One surprising trend is the return of the mullet (the popular ’80s style with short hair in front, long in back) she said: “I think it’s because a lot of people don’t have to go into the office.”
The longer but fairly tidy “Beatles” look is still popular with teenagers, but the more adventurous among them may ask for a “faux hawk,” a less extreme Mohawk often seen paired with a beard on local hipsters; or the more moderate fade or mid-fade, an enduring style. A trend arising in the ’90s was “etching,” cutting lines into the short side hair of a fade, usually done as a sign of membership in a group, like a high school football team.
Not your father’s Mustache
Mustache preferences seem to arise from nostalgia, Miller said, popularized by a series on Netflix or a best-selling movie. She has a couple of loyal aficionados of the handlebar, but observes they’re generally squeamish about anyone interfering with the precisely-waxed upturn at the ends. It’s more likely that she’ll just start them out in their handlebar journey, trimming the middle and leaving the ends long for them to fashion as they prefer. Likewise, there are die-hard fans of what she calls the “jailhouse mustache,” where the ends extend all the way down to the sides of the chin. More common is the neatly trimmed mustache, paired with a well-kept goatee, she said, or the full-blown frontier-style beard inspired by COVID-19.
Women are welcome
Women in the know who want a well-cut wedge or other precise short style patronize the Modern Barber Shop: “I get at least one woman in here every week,” Miller said. The geometric haircuts popularized by Vidal Sassoon in the ’60s substituted expert cutting for the rollers and hair spray required by other current hairstyles, and have never entirely disappeared.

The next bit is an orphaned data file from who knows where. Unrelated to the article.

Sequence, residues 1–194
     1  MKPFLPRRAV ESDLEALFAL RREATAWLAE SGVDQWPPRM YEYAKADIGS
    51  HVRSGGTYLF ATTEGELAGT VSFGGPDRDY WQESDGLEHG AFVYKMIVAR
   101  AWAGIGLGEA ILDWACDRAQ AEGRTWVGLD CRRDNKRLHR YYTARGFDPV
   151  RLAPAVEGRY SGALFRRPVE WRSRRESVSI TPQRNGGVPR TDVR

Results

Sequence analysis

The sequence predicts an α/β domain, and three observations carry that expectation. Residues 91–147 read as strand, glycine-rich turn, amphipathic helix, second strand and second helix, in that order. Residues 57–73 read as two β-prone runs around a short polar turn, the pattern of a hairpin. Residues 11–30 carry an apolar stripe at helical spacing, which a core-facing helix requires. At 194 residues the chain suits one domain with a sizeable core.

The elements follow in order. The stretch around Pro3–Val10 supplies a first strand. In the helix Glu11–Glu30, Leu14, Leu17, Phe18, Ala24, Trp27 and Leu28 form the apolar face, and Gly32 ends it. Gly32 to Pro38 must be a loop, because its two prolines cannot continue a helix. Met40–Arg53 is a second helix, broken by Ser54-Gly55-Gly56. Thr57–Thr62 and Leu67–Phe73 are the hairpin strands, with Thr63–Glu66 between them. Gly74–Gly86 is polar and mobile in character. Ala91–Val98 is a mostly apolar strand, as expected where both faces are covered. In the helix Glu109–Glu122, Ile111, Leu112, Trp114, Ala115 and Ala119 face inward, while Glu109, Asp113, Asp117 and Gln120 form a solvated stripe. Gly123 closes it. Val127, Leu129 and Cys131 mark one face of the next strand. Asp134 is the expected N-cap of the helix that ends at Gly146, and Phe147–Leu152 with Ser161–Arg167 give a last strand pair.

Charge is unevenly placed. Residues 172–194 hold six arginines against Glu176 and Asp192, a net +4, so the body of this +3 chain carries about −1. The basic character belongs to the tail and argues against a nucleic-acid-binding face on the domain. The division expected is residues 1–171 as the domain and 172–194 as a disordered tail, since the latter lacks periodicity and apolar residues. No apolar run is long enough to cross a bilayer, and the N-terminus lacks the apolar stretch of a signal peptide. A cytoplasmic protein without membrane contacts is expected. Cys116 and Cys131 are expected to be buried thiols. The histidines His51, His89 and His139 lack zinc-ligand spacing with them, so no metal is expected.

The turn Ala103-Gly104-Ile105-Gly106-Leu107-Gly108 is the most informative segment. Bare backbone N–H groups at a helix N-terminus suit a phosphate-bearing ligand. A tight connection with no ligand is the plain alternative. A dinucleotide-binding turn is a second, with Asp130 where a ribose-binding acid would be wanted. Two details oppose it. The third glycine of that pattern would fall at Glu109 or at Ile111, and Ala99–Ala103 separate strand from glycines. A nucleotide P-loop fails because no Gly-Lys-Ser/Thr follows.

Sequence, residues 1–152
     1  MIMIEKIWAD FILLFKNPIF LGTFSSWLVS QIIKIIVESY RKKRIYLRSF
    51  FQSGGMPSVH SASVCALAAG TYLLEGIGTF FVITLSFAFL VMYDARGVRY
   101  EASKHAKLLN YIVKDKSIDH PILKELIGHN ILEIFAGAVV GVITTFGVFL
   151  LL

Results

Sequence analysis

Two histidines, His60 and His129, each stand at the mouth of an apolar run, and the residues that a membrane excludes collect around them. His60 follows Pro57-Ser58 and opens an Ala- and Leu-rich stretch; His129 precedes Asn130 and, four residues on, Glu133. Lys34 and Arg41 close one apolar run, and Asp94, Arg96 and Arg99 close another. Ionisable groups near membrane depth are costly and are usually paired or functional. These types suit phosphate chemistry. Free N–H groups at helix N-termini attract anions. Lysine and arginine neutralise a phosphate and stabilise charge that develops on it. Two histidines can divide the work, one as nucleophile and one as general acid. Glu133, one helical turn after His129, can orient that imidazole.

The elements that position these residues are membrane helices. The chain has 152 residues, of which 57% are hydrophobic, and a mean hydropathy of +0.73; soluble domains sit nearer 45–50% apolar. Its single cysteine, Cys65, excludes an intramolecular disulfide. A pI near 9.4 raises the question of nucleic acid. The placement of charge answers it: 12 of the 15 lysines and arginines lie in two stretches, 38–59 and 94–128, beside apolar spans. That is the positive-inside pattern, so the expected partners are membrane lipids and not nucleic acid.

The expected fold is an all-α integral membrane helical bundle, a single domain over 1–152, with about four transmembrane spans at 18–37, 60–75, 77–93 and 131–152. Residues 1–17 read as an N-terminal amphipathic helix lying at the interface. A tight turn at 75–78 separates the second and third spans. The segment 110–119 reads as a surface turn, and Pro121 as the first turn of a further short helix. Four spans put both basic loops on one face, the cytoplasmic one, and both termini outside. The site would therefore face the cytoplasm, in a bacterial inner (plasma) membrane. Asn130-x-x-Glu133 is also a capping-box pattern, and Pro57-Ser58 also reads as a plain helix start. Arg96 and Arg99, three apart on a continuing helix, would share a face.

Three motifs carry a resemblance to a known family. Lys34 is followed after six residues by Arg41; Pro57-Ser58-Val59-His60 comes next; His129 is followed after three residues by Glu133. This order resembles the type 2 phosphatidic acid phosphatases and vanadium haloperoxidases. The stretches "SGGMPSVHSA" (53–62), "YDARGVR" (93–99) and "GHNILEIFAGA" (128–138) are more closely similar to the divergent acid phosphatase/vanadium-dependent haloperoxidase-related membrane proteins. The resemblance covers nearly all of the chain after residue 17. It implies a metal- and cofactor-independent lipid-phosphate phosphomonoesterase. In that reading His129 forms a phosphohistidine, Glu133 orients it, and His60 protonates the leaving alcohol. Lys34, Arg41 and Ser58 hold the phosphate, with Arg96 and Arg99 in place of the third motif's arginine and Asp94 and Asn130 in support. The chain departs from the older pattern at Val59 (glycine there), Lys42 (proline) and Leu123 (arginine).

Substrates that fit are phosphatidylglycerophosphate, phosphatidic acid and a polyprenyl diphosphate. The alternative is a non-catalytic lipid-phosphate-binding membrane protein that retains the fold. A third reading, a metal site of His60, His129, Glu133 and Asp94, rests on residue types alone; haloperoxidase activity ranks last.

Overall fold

One sad duty Miller accepts with great sympathy is shaving the head of a cancer patient undergoing chemotherapy. She recognizes it as a traumatic hallmark of the disease: “Usually, it’s the woman’s husband who arranges it,” she said. “I have them both come in after the shop is closed. It can be a really hard moment.” She also helps women wanting to donate their hair to be fashioned into wigs for cancer patients, she said.
She’s cut the hair of several women who have been growing it all their lives, having them stand so she doesn’t have to bend over or sit on the floor as she cuts. “Still, I have to sometimes kneel down to make sure it’s even when it hangs straight,” she said.
Somewhere back in the cupboards of the Modern Barber Shop are some small wax cylinders, the tools used in the ’70s for singeing women’s hair. This was a 20th-century revival of a Victorian trend meant to relieve the fashionable woman of split ends, but it will surprise no one to learn that there were drawbacks. “It smelled terrible,” Miller said.
Unlike the general public, Miller is not one to make assumptions about anyone with an unusual hairstyle or imaginative facial hair. She welcomes the challenge: “It breaks up the monotony,” she said.
It’s not just the haircut
Some long-held stereotypes are true, like the one about the town barbershop as a place to exchange information and local news. Sure, there’s some idle gossip, Miller said, but it’s more likely that she and her patrons will learn about who’s gone to the hospital, or has had their baby, or is sick at home, or needs looking after. “Many’s the time I’ve left here after work and carried a pot of soup to someone,” Miller said.